Perhaps it isn't the bleak midwinter yet, given that winter doesn't even start for a couple more days, but it is bleak—dark in the mornings and dark in the afternoon. I am convinced that is why we love to festoon our homes with lights this time of year. Christmas, I suppose, has a lot to do with it, but really I think it is a primitive yearning for light that gives those seasonal decorations their ability to so fill our eyes and hearts with such sensual joy.
The lack of winter light is the one thing that I do not love about our home in Oregon. I remember snow-covered, bitterly cold days in Idaho when the sun would shine so intensely that the whole world sparkled like crystals. You could breathe in shards of light and ice that crackled in your lungs. Perhaps it was not so bracing as I remember, but on dark, foggy days I remember those brilliant winter days with clarity and longing. So I light candles and sit in front of the Christmas tree and absorb what light I can.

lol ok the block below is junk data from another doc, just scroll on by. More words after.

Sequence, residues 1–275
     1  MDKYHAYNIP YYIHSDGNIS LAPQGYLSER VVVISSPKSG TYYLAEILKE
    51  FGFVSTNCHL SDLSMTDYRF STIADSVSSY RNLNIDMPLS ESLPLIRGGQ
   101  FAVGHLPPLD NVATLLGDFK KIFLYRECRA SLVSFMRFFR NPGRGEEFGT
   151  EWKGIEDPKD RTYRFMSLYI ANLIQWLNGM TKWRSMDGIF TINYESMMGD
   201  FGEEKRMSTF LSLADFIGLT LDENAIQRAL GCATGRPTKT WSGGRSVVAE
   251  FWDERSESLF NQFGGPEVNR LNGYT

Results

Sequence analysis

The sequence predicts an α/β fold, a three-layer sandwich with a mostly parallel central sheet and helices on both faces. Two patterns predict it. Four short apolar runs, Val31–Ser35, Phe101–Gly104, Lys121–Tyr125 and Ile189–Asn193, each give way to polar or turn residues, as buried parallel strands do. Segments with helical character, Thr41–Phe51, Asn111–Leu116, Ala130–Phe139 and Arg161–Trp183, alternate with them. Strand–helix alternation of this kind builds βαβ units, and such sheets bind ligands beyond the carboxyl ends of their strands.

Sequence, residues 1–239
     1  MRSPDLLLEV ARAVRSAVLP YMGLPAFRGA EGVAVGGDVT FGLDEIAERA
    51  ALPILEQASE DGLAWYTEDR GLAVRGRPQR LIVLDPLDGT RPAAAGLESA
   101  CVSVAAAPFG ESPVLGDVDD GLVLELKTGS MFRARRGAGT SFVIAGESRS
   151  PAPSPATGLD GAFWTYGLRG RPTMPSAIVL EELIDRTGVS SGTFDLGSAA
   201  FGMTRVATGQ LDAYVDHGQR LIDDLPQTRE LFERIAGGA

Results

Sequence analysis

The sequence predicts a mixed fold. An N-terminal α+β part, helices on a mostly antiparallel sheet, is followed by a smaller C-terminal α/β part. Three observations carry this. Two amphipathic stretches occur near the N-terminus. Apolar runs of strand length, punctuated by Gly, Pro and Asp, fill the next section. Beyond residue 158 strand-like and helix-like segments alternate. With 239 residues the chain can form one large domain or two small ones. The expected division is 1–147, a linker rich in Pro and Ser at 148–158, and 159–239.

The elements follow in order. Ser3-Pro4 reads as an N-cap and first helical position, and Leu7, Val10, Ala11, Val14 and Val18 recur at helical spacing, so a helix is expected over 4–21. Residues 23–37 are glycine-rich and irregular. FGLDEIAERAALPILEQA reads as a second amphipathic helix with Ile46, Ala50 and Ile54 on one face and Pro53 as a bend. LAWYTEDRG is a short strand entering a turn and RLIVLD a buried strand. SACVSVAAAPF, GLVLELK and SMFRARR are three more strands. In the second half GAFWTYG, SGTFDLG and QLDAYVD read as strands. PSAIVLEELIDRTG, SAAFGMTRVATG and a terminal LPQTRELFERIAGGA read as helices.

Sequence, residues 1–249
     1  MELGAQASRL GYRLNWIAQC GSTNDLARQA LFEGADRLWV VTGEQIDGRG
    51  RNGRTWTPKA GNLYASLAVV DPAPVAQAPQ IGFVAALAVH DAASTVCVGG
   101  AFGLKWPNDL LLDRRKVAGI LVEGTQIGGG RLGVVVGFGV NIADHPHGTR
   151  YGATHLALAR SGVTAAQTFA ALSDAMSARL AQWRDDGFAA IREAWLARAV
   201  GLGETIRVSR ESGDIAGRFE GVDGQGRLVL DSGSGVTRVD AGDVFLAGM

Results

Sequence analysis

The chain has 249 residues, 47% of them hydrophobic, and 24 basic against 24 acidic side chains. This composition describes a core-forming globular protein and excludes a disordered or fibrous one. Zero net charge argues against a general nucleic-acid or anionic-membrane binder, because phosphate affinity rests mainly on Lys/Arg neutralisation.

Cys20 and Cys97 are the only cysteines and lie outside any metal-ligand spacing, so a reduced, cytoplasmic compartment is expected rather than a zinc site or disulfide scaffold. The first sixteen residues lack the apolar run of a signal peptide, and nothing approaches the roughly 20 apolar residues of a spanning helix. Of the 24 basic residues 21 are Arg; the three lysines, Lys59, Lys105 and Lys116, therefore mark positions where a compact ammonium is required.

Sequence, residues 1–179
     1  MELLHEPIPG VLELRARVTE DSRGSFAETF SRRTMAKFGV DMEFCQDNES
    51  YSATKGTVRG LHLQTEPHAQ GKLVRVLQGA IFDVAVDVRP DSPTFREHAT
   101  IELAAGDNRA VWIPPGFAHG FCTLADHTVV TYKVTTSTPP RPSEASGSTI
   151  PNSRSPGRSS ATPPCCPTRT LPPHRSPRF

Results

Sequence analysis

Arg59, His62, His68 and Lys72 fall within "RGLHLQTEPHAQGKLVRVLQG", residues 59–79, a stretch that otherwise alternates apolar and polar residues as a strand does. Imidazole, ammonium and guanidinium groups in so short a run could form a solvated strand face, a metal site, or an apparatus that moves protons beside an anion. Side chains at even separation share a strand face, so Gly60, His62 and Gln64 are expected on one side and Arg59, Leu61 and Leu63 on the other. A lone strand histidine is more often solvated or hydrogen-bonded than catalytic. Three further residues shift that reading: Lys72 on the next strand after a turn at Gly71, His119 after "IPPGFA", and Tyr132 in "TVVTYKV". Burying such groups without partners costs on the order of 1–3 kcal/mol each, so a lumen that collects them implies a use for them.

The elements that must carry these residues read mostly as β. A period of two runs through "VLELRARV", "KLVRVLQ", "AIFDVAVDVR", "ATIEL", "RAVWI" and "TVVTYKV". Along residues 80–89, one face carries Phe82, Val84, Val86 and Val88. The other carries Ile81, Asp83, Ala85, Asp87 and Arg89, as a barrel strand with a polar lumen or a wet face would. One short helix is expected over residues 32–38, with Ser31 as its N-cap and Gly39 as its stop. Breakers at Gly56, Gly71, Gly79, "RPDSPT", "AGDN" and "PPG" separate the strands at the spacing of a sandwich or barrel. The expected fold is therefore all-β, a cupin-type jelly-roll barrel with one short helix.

We are taking the train to Tacoma tomorrow for a short getaway. Good food and a visit to the Glass Museum. Tonight I learned that there is an exhibit of Mexican Folk Art at the Art Museum. Could not be better. Puget Sound, glass, Mexican art—should reflect enough light to get us by through the Solstice.